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Jeff Burton understands why Jeff Gordon is angry....but has Gordon really cooled off?

  This is why Jeff Gordon is ticked off at Jeff Burton. (Photo: Getty Images for NASCAR)

   By Mike Mulhern



   Nothing like being in the eye of the hurricane....and on national TV to boot.
   So after Sunday's Texas 500 run-in with Jeff Gordon, first on the track, then face-to-face, in an angry shoving match, Burton is just glad to get on down the road.  
   "That's an understatement," the normally mild-mannered Burton says, still scratching his head over just what went wrong mid-way through the zany race.

   Texas wasn't the first problem for him.  "Last three weeks I've been in the middle of stuff I don't want to be in, and...no fun," he says.
    "That's not why I got into motorsports.
     "Unfortunately we did have that incident, and it played out in front of everybody. But now we've both had a chance to reflect, and I have a much better understanding of part of what happened.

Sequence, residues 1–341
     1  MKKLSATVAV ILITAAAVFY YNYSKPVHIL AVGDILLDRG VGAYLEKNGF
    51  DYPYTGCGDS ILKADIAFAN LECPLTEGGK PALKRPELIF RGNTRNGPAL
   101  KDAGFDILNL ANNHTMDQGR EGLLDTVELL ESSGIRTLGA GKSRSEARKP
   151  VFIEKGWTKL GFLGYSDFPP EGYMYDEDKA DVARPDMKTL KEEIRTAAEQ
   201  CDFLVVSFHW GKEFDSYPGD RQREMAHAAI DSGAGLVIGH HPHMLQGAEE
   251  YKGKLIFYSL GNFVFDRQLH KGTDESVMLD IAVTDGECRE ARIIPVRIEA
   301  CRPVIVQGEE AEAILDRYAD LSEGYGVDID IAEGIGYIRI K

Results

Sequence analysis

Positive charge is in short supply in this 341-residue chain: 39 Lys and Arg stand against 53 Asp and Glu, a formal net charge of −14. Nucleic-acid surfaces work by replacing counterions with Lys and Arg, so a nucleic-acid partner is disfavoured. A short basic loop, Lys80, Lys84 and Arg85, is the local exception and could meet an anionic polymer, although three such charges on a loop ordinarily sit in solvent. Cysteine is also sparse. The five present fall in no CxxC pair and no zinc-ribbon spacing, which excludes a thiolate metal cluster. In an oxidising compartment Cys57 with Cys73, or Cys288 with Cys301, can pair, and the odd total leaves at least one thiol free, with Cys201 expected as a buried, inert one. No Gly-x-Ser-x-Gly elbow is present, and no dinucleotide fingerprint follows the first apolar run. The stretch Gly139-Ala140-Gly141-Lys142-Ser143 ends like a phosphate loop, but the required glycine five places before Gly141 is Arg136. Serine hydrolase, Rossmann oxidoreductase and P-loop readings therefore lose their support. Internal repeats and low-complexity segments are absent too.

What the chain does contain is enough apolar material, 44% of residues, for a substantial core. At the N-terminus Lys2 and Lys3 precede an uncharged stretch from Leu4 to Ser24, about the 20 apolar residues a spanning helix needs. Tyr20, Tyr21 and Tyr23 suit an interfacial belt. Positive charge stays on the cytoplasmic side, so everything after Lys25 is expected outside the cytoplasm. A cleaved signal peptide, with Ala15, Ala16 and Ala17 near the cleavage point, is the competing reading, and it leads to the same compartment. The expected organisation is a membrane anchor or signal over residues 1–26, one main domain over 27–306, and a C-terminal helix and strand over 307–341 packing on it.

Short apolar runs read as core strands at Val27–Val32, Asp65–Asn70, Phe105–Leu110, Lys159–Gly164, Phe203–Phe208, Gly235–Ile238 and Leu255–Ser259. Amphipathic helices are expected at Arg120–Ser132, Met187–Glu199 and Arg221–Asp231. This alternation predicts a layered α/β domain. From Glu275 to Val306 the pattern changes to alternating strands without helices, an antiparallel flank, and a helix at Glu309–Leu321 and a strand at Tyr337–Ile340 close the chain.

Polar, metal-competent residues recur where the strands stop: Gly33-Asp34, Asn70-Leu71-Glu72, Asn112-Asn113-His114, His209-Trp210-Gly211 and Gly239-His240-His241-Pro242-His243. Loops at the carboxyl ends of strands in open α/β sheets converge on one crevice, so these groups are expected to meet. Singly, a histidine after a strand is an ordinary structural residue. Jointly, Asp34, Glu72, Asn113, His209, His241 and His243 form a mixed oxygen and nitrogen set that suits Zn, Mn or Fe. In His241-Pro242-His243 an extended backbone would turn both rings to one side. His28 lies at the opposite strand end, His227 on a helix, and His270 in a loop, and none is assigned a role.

"Part of it, I don't really understand. But nonetheless I feel we'll be able to move forward."
   But then maybe the three title contenders, Denny Hamlin, Jimmie Johnson and Kevin Harvick, might be well just to stay clear of these two for the last two weeks of the season.

     Burton and Gordon have talked since. And Burton concedes Gordon has a right to be upset.
     "The thing Sunday," Burton says, "was a chain of events that led up to the ugliness
      "We had a deal where we ran together a few laps, Jeff felt I should have let him go. I felt I was racing in my line.
     "It was not that big of a deal, to be quite honest.
      "When the caution came out, he pulled up really close to me to let me know he wasn't happy with me.